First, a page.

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LOS ANGELES: Global solar power developers are slowing project installations amid rising component, labor and freight costs as the global economy rebounds from the coronavirus pandemic, according to industry executives and analysts polled by Reuters.
The situation suggests slower growth for the zero-emission solar energy industry as global governments attempt to step up efforts to tackle climate change, and marks a turnaround for the sector after a decade of lower costs.
It also reflects another industry rocked by supply chain bottlenecks that developed during the recovery from the coronavirus health crisis, which is causing businesses from electronics manufacturers to home improvement retailers to suffer. huge shipping delays as well as skyrocketing costs.
“The narrative is changing,” said Bruno Brunetti, clean energy analyst at S&P Global Platts, in an interview, citing cost inflation.
One of the main obstacles to solar power is the tripling of the prices of steel, a key component of racks containing solar panels, and polysilicon, the raw material used in the panels.
Soaring ocean freight rates along with higher fuel, copper and labor costs are also weighing on project costs, company executives said.
Research firm IHS Markit warned last week that its global solar installation forecast for the year could rise to 156 gigawatts from a current projection of 181 GW if price pressures do not ease.
Wall Street has also punished the industry in recent weeks, causing the MAC Global Solar Index to fall 24% this year after tripling in 2020.
Project developers in the United States, the No.2 solar market behind China, told Reuters they are struggling to price projects for 2022 given lack of clarity on how long price spikes will last. .
Solar engineering, procurement and construction company Swinerton Renewable Energy said some of its customers have also put “takeovers” on projects due to start later this year while they wait to see if prices drop. .
“We just got used to such an inexpensive source of power,” said George Hershman, president of Swinerton. “Like everything, it’s hard to accept that you’re going to start paying more.”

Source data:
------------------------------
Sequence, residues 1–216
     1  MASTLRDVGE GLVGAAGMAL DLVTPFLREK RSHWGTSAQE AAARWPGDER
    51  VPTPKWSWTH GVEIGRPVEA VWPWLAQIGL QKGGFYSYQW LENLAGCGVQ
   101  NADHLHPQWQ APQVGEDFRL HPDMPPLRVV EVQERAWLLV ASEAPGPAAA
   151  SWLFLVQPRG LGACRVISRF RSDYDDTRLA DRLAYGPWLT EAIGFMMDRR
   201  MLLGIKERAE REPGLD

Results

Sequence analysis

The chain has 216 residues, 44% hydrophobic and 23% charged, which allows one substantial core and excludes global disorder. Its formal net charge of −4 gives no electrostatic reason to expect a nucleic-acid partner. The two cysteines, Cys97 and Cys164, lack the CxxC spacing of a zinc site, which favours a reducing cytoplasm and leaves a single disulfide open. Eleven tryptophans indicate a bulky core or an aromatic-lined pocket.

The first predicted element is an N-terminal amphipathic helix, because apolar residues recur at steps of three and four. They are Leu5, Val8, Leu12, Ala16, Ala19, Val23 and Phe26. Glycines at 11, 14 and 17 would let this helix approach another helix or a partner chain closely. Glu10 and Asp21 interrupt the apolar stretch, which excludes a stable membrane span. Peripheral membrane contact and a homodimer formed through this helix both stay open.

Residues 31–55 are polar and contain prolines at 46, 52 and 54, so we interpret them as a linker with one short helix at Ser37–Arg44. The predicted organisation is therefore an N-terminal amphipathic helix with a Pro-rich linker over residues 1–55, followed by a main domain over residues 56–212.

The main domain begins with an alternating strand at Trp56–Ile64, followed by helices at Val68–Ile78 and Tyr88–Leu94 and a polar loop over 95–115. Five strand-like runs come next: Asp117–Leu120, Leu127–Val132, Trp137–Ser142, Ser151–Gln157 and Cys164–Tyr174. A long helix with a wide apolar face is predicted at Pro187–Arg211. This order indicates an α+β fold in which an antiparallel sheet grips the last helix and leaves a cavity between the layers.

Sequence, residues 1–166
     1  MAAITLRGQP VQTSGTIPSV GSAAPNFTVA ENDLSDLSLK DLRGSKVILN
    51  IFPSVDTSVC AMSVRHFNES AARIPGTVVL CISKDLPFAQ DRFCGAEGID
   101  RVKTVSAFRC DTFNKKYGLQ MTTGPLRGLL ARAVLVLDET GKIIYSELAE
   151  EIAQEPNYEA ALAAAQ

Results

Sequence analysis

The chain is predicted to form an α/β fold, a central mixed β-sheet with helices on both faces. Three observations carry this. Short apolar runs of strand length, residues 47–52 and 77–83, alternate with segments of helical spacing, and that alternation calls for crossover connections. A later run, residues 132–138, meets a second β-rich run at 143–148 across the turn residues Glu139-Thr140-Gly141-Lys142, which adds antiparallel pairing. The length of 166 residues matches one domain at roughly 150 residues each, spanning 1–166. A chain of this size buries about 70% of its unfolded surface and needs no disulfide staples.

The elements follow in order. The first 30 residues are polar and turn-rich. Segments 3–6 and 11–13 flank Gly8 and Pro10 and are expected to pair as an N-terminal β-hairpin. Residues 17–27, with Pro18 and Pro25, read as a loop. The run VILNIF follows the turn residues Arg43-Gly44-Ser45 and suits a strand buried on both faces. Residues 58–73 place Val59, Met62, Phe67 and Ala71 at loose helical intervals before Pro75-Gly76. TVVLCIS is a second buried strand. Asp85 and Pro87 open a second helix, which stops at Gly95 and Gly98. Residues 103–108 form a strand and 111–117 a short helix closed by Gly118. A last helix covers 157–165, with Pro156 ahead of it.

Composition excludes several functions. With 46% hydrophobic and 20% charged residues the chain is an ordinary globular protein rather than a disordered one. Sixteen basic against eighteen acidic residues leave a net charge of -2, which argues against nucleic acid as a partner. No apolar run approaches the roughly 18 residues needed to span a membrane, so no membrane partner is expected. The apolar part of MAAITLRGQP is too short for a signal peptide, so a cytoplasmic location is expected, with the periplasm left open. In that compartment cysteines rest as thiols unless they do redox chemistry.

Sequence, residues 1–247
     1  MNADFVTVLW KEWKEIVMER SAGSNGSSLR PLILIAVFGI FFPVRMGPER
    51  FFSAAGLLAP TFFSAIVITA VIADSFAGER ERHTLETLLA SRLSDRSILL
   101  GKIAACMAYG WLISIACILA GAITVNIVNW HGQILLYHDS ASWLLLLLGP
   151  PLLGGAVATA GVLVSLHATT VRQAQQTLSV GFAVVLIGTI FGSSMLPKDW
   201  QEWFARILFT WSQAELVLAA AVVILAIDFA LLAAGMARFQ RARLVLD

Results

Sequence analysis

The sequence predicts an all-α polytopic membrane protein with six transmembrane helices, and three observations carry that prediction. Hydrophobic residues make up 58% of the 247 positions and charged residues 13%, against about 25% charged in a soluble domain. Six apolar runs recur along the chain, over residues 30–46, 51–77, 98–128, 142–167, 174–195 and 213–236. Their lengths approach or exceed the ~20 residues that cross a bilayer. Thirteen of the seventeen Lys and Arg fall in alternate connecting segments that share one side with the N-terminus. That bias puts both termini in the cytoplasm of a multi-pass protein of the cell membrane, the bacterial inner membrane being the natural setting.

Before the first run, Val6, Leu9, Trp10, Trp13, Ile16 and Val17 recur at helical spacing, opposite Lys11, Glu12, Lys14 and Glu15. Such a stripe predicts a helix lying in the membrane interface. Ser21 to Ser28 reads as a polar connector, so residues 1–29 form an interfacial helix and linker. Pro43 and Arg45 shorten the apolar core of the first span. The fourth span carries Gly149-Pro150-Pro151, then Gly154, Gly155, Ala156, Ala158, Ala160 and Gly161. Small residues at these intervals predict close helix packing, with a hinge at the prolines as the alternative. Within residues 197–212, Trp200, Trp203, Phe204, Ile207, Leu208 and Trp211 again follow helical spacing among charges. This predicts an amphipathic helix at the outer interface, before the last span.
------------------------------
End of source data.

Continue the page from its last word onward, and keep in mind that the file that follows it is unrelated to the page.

Contract prices for solar power were already up 15% in the United States in the first quarter compared to a year ago due to rising interconnection and permit costs, according to a quarterly index from LevelTen Energy.
U.S. panel maker First Solar Inc. told investors in April that congestion at U.S. ports was delaying its module shipments from Asia.
And a US maker of solar mounting systems, Array Technologies Inc, withdrew its guidance for the year last month due to steel and freight costs.
In Europe, some projects that do not have strict deadlines for when to start supplying electricity are being delayed, executives and analysts say.
“The situation has not been resolved as prices have remained high, so those who can wait are still waiting,” said Jose Nunez, CFO of Spanish solar tracker maker Soltec Power Holdings SA. Nunez said Soltec is seeing project delays in all of the markets it serves.
Supply constraints could put upward pressure on relatively stable European solar prices later this year as companies seek to preserve already very slim profit margins, according to LevelTen.
In China, the world’s largest manufacturer of solar products, producers are already raising prices to protect their margins, resulting in slower orders.
According to three solar panel makers in China polled by Reuters, panel prices rose 20 to 40 percent last year, following soaring costs for polysilicon, the raw material for solar cells and panels.
“We have to make the product, but on the other hand, if the price is too high, the developers of the project want to wait,” said Jack Xiao, marketing director of BeyondSun Holdings, a panel maker that exports 60% of its products. .
A state-backed solar cell plant manager who asked not to be named told Reuters production fell because customers were reluctant to fulfill orders at current prices.
Chinese company Canadian Solar Inc, a major producer of panels, said last month that prices for its products rose 10% in the first quarter from the previous three months, an increase it plans to pass on. on its customers.
“We will continue to increase prices and we are prepared to drop some volumes in order to protect margins,” said Yan Zhuang, president of the company’s module manufacturing division, in a conference call with investors in the month. latest.

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